Using this and additional evidence he found, Dr. Choi was able to state that 'John Doe' died after 1905 and before
the late 1920s or '30s.
Equipped with information concerning what happened and when, the investigating team needed to find the body's
identity. Coroner's office spokesman Donald Dryman put out a news release containing the findings so far. A
family, the Sonney family, saw this and called the Los Angeles Police Department. The Sonneys believed that the
remains were those of one Elmer McCurdy.
The L.A. medical office quickly contacted the Oklahoma State Historical Society, which in turn called the
University of Oklahoma, in Norman, Oklahoma. The university had a Western History Collection. Dr. John Ezell
was the collection's curator. He found a photograph of Elmer McCurdy, with a caption that read…
Elmer McCurdy. Shot by Sheriff's posse near Pawhuska. Okla. 10th October 1911.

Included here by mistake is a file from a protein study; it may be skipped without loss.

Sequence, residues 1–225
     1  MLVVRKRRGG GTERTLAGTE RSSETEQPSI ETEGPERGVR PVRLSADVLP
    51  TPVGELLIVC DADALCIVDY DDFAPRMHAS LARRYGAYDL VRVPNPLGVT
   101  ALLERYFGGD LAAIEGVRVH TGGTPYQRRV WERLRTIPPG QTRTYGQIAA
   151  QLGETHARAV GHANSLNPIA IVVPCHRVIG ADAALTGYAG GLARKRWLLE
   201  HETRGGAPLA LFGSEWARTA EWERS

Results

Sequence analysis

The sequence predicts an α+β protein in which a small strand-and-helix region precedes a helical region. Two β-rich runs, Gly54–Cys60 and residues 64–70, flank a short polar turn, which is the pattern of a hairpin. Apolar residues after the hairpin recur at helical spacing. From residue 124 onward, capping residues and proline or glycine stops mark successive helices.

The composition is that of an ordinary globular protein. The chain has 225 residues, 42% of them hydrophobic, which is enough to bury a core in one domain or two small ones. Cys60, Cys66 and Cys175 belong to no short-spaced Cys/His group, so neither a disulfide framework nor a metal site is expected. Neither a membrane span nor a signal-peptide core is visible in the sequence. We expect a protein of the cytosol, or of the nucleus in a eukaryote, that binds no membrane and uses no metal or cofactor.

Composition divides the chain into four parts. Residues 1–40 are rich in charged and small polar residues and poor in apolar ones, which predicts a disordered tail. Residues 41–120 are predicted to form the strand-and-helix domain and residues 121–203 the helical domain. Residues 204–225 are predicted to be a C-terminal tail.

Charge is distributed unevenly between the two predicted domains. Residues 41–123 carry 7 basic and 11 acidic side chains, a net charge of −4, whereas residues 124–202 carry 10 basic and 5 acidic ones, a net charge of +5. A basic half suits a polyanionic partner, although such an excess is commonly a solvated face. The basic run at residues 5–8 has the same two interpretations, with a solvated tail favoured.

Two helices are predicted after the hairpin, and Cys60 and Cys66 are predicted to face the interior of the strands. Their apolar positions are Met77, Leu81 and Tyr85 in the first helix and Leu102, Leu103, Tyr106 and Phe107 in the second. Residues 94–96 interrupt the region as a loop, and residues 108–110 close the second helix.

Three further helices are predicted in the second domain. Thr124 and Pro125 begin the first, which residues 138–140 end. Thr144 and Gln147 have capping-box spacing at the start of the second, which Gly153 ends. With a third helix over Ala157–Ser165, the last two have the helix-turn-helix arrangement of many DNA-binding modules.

The investigators had their man, but what's in a name? Further research uncovered a truly bizarre story, which
was definitely stranger than fiction.
Elmer was born to Sadie McCurdy in January 1880, in Washington, Maine. Seventeen-year-old Sadie was single.
Short-term lodger and Sadie's cousin Charles Davis, seven years her senior, was the prime suspect in the
paternity stakes but Elmer didn't have the benefit of a male parent…or legitimacy.
Sadie's brother George and his wife Helen were childless and adopted Elmer. Helen bore George a son a year later,
whom they named Charles. The two boys loved Helen and George, and Elmer's mother became 'Aunt Sadie'.
George McCurdy died of tuberculosis in early 1890. This left Helen McCurdy bereft and unable to keep on taking
care of Elmer, despite Sadie's moving into the household to help. The two women told Elmer the truth about his